Abstract: In this study, we use a retrospective case–control study design, to compare our outcomes of interest among inmates who have self-reported suicidal ideations (cases) with inmates who do not report suicidal ideations (controls). The sample group included participants admitted into prison treatment programs who have a co-occurring substance abuse and mental disorders. In our multivariate model analyses, we will introduce control variables to understand the magnitude of effect and directionality that control variables, such as demographic and criminal history variables, have in association with our outcome of interest, suicidal ideations. Our results indicate that individuals with stable housing have significantly lower odds of demonstrating suicidal ideations. Finally, we found that individuals with prior weapons offenses and psychiatric hospitalization have higher odds of demonstrating suicidal ideations. We believe these results have implications for the development of research and theory.
      PubDate: Fri, 28 Apr 2023 00:00:00 +000
  • COVID-19: Examining the Impact of the Global Pandemic on Violent Crime
           Rates in the Central Valley of California

    • Authors: Derek Avila; Huan Gao, Blake Randol, Sriram Chintakrindi
      Abstract: This study focuses on how a global pandemic like COVID-19 affects violent crimes in the city of Stockton, California. The violent crimes that we will be examining are homicide, robbery, rape, simple assault, and aggravated assault. We obtained crime data from the LexisNexis Community Crime Map and obtained COVID-19 data from the San Joaquin County Health Department regarding the city of Stockton. We developed the results of this research by using time-series plots and interrupted time-series analysis. Our results demonstrate that COVID-19 caused a statistically significant change in the slope for rape, robbery, and simple assault violent crimes. Finally, we discuss in our policy implications section that the Stockton Police Department should establish more community outreach programs that could help prevent these types of violent crimes.
      PubDate: Wed, 26 Apr 2023 00:00:00 +000
  • The Conundrum of Defining and Prosecuting Terrorism: A Review of United
           Kingdom and International Reponses

    • Authors: Charanjit Singh
      Abstract: Terrorism presents one the biggest criminal justice postmodern challenges worldwide. The way criminal justice systems proact and react to mitigate and prevent such criminality raises a plethora of legal, socio-political, and strategic hurdles relating to how terror crime is defined, the human rights of the accused, protecting due process when using secret courts, the use of special advocates, the use of national security courts, civil rights i.e., freedom of association, cross-jurisdictional information sharing, and the requirement or right to prosecute etc. In this article, which is influenced by criminological theory, the definition of terror crime in the United Kingdom and at an International level is examined to ascertain whether common definitional elements exist, and the complex and competing local and International interests that are being balanced in preventing and/or prosecuting such crime.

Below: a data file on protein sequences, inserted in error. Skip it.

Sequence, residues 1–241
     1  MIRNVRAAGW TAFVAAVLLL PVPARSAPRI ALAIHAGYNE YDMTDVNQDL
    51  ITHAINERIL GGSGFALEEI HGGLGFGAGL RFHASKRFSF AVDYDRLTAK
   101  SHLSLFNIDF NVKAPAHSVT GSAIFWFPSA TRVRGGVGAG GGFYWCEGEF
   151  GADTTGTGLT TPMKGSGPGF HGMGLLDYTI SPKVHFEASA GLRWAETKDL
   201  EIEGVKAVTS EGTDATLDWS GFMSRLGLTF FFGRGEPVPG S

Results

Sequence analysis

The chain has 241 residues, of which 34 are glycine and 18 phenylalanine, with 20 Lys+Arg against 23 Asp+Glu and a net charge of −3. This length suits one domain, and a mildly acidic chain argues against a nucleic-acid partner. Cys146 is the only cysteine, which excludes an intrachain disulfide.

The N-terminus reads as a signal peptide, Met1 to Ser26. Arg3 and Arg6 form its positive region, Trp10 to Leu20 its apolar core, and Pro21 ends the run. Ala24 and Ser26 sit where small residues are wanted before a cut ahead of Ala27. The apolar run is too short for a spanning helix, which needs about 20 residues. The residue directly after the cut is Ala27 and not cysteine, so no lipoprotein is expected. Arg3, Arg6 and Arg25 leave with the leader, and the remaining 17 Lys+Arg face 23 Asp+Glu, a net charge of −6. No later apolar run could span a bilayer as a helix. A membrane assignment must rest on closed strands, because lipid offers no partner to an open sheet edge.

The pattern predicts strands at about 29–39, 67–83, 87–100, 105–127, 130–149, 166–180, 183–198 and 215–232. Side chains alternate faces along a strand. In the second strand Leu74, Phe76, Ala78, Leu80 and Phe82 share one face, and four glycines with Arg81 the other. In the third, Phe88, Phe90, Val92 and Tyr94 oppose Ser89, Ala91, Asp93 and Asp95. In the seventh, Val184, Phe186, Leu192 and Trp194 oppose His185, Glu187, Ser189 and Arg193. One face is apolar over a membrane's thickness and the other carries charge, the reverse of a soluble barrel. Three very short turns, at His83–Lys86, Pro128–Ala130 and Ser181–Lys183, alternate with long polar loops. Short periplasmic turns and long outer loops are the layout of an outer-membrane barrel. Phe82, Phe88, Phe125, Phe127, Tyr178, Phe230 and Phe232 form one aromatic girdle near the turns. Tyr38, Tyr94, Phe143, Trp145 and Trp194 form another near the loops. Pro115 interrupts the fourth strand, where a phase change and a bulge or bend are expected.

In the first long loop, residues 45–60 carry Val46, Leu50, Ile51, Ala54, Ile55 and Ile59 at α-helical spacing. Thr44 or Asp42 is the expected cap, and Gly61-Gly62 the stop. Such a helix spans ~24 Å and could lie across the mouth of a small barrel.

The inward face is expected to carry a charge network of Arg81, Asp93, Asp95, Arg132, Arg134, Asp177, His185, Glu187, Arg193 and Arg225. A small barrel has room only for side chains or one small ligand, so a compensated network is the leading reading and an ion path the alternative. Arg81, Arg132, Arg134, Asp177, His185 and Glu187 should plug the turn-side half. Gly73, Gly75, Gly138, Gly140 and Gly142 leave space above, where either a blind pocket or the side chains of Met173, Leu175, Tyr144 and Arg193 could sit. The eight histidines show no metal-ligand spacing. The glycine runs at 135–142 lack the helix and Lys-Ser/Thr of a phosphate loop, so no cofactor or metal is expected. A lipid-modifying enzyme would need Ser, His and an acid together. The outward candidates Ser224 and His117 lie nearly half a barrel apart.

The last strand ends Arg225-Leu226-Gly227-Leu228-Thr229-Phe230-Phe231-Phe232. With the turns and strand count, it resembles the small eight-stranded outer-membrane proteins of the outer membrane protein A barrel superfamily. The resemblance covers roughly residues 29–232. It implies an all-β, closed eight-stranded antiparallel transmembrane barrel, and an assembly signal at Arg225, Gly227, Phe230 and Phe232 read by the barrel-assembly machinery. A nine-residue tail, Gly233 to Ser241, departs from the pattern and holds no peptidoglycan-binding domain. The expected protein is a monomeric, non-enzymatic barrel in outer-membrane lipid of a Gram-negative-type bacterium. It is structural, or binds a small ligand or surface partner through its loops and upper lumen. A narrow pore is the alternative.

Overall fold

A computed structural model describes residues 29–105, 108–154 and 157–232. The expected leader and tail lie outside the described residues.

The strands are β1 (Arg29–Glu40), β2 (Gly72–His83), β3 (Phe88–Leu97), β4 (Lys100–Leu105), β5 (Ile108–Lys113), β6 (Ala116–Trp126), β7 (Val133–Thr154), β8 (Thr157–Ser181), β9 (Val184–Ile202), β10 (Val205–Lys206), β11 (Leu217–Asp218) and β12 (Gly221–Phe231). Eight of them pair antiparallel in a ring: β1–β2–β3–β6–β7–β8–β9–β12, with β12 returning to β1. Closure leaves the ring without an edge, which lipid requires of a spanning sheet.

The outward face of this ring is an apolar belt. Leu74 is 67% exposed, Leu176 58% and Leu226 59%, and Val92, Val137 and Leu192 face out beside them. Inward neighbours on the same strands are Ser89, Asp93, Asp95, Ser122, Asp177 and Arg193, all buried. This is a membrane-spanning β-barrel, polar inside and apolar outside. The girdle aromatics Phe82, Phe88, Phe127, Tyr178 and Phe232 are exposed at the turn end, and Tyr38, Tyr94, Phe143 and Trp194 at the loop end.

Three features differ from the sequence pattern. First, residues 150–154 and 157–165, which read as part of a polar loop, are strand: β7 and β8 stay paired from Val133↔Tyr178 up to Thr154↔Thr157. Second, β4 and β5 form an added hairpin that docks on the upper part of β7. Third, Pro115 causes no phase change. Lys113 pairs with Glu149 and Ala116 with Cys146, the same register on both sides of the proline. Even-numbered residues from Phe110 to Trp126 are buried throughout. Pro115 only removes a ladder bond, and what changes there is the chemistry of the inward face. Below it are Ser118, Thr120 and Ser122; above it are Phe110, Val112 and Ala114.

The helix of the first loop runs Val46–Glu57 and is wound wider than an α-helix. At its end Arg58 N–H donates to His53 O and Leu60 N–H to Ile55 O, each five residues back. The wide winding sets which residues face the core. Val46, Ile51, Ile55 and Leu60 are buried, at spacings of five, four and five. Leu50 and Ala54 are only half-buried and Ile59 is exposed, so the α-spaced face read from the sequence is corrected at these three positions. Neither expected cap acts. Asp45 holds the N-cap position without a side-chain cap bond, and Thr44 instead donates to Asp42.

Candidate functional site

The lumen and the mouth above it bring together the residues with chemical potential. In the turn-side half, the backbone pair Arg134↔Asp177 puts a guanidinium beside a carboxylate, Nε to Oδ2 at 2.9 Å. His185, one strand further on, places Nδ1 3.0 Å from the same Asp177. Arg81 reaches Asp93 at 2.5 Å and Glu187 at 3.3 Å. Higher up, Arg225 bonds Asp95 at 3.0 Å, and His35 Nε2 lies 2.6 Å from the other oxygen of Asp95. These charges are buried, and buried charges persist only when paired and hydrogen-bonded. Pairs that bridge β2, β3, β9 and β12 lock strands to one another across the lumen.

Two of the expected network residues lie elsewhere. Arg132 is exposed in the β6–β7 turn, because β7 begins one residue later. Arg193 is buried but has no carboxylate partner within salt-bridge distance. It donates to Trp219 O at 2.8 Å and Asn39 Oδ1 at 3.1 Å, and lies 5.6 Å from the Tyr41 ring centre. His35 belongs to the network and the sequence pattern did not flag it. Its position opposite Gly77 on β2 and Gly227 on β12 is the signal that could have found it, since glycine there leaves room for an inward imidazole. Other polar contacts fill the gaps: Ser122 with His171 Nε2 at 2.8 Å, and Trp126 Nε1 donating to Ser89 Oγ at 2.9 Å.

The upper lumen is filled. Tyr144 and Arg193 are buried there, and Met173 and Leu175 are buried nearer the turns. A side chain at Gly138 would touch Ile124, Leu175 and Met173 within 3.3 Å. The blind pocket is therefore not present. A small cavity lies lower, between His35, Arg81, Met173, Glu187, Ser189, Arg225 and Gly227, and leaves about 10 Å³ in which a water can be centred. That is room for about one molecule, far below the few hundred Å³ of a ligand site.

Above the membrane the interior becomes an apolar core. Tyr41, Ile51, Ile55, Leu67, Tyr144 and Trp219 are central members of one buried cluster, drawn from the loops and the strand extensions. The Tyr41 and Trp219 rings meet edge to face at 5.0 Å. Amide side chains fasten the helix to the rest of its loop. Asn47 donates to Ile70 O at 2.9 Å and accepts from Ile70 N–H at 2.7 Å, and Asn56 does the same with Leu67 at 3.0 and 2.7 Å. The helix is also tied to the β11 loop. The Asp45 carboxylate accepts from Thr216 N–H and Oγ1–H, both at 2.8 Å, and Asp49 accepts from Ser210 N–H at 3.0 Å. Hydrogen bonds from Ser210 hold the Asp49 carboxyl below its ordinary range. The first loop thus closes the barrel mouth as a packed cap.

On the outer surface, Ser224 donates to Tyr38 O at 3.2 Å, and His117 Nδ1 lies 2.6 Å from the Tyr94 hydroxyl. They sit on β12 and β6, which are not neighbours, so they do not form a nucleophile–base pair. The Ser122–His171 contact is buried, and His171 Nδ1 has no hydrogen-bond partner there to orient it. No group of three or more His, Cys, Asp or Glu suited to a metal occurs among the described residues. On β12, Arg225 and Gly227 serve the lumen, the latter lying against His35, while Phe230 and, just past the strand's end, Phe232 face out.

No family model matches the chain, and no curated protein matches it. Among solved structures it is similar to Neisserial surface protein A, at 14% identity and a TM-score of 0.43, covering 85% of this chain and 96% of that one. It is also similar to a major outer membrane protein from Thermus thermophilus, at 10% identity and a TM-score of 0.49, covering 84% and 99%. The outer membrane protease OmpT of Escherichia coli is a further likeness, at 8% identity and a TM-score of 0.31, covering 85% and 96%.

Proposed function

PubDate: Fri, 14 Apr 2023 00:00:00 +000
  • The Perfect Storm' Political Instability and Background Checks During

    • Authors: Alexei Anisin
      Abstract: The COVID-19 pandemic has been observed to have increased aggressive behavior and violence in the United States. This study tests whether political instability events propelled gun purchasing behavior through a temporally sensitive analysis based on data drawn from the Armed Conflict Location & Event Data Project (ACLED) and monthly data from the FBI’s NICS National Instant Criminal Background Check System. It utilizes a multi-methodological framework featuring both regression modeling and qualitative comparative analysis. While results from statistical inquiry do not lend support to significant associations of any single variable on the outcome, the comparative configurational inquiry does identify three salient pathways that brought about background check increases during COVID-19. All three solutions feature the conditions of political instability and presidential election events. Alongside these factors, mass shooting occurrences are present in two of the identified solutions. These findings reveal that COVID-19 fostered a set of conditions and the formation of a “Perfect Storm” which resulted in the greatest number of annual gun purchases in recorded history.
      PubDate: Mon, 27 Mar 2023 00:00:00 +000
  • When Crime Meets Pandemic: Organized Crimes and Triad Societies’
           Activities during COVID-19 Pandemic in Hong Kong

    • Authors: Bryan Tzu Wei Luk
      Abstract: Recent studies suggest that the pandemic has impacted criminal activities and organized crime groups. This article provides a qualitative review of changes in crime rates, patterns, and activities of organized crime groups (specifically, Triads) in Hong Kong. Three specific types of organized crimes with high Triad involvement were selected: serious violent crimes, serious drug-related crimes, and smuggling. After analyzing both official and non-official sources, the results showed that despite the government's stringent control measures that significantly suppressed socio-economic activities during the COVID-19 pandemic, the figures for these selected crimes rose tremendously. Triads' organized criminal activities became more frequent, dangerous, and aggressive, posing a severe threat to Hong Kong's law and order.
      PubDate: Sat, 25 Mar 2023 00:00:00 +000